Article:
When billionaire Jean-Marc Clement learns that he is to be satirized in an off-Broadway revue, he passes himself off as an actor playing him in order to get closer to the beautiful star of the show, Amanda Dell.
The title river unites a farmer recently released from prison, his young son, and an ambitious saloon singer. In order to survive, each must be purged of anger, and each must learn to understand and care for the others.
Singers Lorelei Lee and Dorothy Shaw travel to Paris, pursued by a private detective hired by the disapproving father of Lorelei's fiancé to keep an eye on her, as well as a rich, enamored old man and many other doting admirers.
Roslyn divorces Ray in Reno and then meets widower Guido. He likes her but introduces her to cowboy Gay, and those two fall in love. When she learns that Gay, Guido and Perce are going to turn wild horses ("misfits") into dog food, she protests. Written by
Ed Stephan <firstname.lastname@example.org>
Marilyn Monroe's sole romantic comfort during the first weeks of filming was her affair with Yves Montand, her co-star in Let's Make Love (1960). Whenever she had a weekend break in filming, she would fly to Los Angeles to see her doctors and Montand. When Hedda Hopper printed a column in which he stated that the romance was just his way of guaranteeing the success of their love scenes in the film, Monroe grew more upset. She knew he was just trying to keep the affair from hurting his wife, actress Simone Signoret, but the words still hurt. See more »
When Guido is herding the horses down canyon with his fixed-wing plane, there are aerial shots of the horses galloping down a two-track. The takes are shot directly behind the horses and the plane is flying at the same rate of speed as the horses. A fixed wing aircraft couldn't fly slow enough to match slower galloping horses. See more »
Young man, do you have the time? I got six clocks in the house and none of them work.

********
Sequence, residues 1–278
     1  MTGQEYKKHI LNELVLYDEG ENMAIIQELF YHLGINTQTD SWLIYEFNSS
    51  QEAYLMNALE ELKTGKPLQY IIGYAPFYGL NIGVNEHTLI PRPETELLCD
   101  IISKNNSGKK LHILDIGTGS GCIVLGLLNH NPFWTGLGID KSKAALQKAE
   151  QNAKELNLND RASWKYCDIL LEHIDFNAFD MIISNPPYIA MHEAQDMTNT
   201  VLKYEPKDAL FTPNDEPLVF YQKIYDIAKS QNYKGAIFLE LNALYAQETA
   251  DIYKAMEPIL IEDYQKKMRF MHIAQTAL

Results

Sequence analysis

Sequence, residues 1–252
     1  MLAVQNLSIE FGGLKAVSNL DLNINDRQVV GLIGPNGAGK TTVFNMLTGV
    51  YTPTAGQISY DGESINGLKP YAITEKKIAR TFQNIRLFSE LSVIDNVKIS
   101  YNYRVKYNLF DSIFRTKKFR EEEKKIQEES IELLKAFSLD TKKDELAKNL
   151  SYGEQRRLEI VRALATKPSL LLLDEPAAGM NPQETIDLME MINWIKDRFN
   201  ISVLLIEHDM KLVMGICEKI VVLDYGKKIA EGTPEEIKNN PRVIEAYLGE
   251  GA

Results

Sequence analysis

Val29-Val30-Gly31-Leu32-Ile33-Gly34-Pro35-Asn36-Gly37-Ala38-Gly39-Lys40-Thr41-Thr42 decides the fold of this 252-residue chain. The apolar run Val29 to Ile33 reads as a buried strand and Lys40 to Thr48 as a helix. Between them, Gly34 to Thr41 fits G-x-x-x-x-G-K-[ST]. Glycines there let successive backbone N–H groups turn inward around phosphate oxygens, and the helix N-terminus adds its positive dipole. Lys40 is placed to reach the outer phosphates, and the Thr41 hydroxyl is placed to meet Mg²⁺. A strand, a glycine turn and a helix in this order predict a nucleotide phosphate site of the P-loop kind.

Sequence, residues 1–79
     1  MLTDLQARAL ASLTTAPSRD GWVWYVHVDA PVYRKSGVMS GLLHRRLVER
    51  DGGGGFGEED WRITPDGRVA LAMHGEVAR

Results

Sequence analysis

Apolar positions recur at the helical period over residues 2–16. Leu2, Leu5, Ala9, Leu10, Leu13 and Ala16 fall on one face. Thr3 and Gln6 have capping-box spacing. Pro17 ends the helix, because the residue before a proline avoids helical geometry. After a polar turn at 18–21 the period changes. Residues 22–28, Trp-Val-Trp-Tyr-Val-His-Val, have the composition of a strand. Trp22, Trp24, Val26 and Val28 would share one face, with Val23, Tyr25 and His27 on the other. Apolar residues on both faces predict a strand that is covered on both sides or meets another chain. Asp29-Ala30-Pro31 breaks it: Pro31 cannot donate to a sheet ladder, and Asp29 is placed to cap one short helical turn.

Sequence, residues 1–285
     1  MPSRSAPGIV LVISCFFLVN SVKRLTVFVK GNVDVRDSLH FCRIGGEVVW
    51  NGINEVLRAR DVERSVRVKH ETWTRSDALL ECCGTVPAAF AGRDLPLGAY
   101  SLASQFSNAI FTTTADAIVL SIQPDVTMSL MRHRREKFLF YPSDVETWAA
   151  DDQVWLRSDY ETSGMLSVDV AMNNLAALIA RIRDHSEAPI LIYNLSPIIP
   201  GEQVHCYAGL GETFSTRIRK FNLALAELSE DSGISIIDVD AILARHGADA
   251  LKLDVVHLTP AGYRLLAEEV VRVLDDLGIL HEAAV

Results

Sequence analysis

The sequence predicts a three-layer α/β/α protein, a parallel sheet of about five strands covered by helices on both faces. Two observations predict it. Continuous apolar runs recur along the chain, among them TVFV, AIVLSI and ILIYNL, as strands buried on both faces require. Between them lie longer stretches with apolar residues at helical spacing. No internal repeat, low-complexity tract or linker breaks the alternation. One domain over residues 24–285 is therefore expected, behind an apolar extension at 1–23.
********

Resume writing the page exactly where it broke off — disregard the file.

Twenty after nine.
After? It's twenty after, dear. Dahlin'. Five minutes.
What about you?
I'm all set, I just tyin' my sling. The lawyer said nine thirty sharp, dahlin'.
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Opening credits are shown on and around puzzle pieces. See more »
Did Gable really have to die for the making of The Misfits
I still remember when it was reported Clark Gable had had a heart attack shortly after completing The Misfits. It happened just before Election Day because there was a news item and it's mentioned in at least one Gable biography that he voted by absentee ballot in 1960. Shortly after that he died and the world was waiting the birth of his son and his last posthumous film.
No doubt about it Gable does look all of his 59 years in the Misfits. But he's still exudes that gruff animal magnetism that leaves you no doubt as to why Marilyn Monroe was finding him so sexy. It's an interesting and challenging role for Gable, his Gay Langland is a bitter multi-layered character, whose family has deserted him and his way of life is vanishing. All three of the men, Gable, Monty Clift, and Eli Wallach have a deathly fear of working for wages expressed often during The Misfits.
For Monty Clift it's more than fear. He's also bitter about being cheated out of his father's ranch by a stepfather who offers him wages. So he's taken to the rodeo circuit, but he's also past his prime in that dangerous sport.
Eli Wallach starts out as what we think is a deep sensitive portrayal, but as we go along we find there's less than meets the eye. He wants Marilyn Monroe real bad (who wouldn't) and it's clear he's just using some of his best lines in his quest for her.
Marilyn as eastern divorcée to be serves as the group's conscience when they start going after mustangs for dog food manufacturers. Quite illegally of course, but that's part of the challenge for this group. Lots of shots of Marilyn's bulges both front and rear are another good reason to see this film.
Towards the end the wild mustangs on the Nevada desert take over the film from the human actors. They are a kind of doppleganger for this group, they are also misfits with no place in the modern world for them except as canned dog food.
Those roping stunts and Clark Gable being dragged by a horse probably put a strain on his cardiovascular system. It's been written that Marilyn was the cause of his demise. Pure and utter nonsense. I can't believe John Huston the director let him do those scenes. Why wasn't a stunt double used? Marilyn Monroe was one royal pain to work with, what with all of her issues, but that surely had nothing to do with what happened to Gable.
The Misfits still holds up well after over 40 years. All of the cast can be proud of their work in that film.
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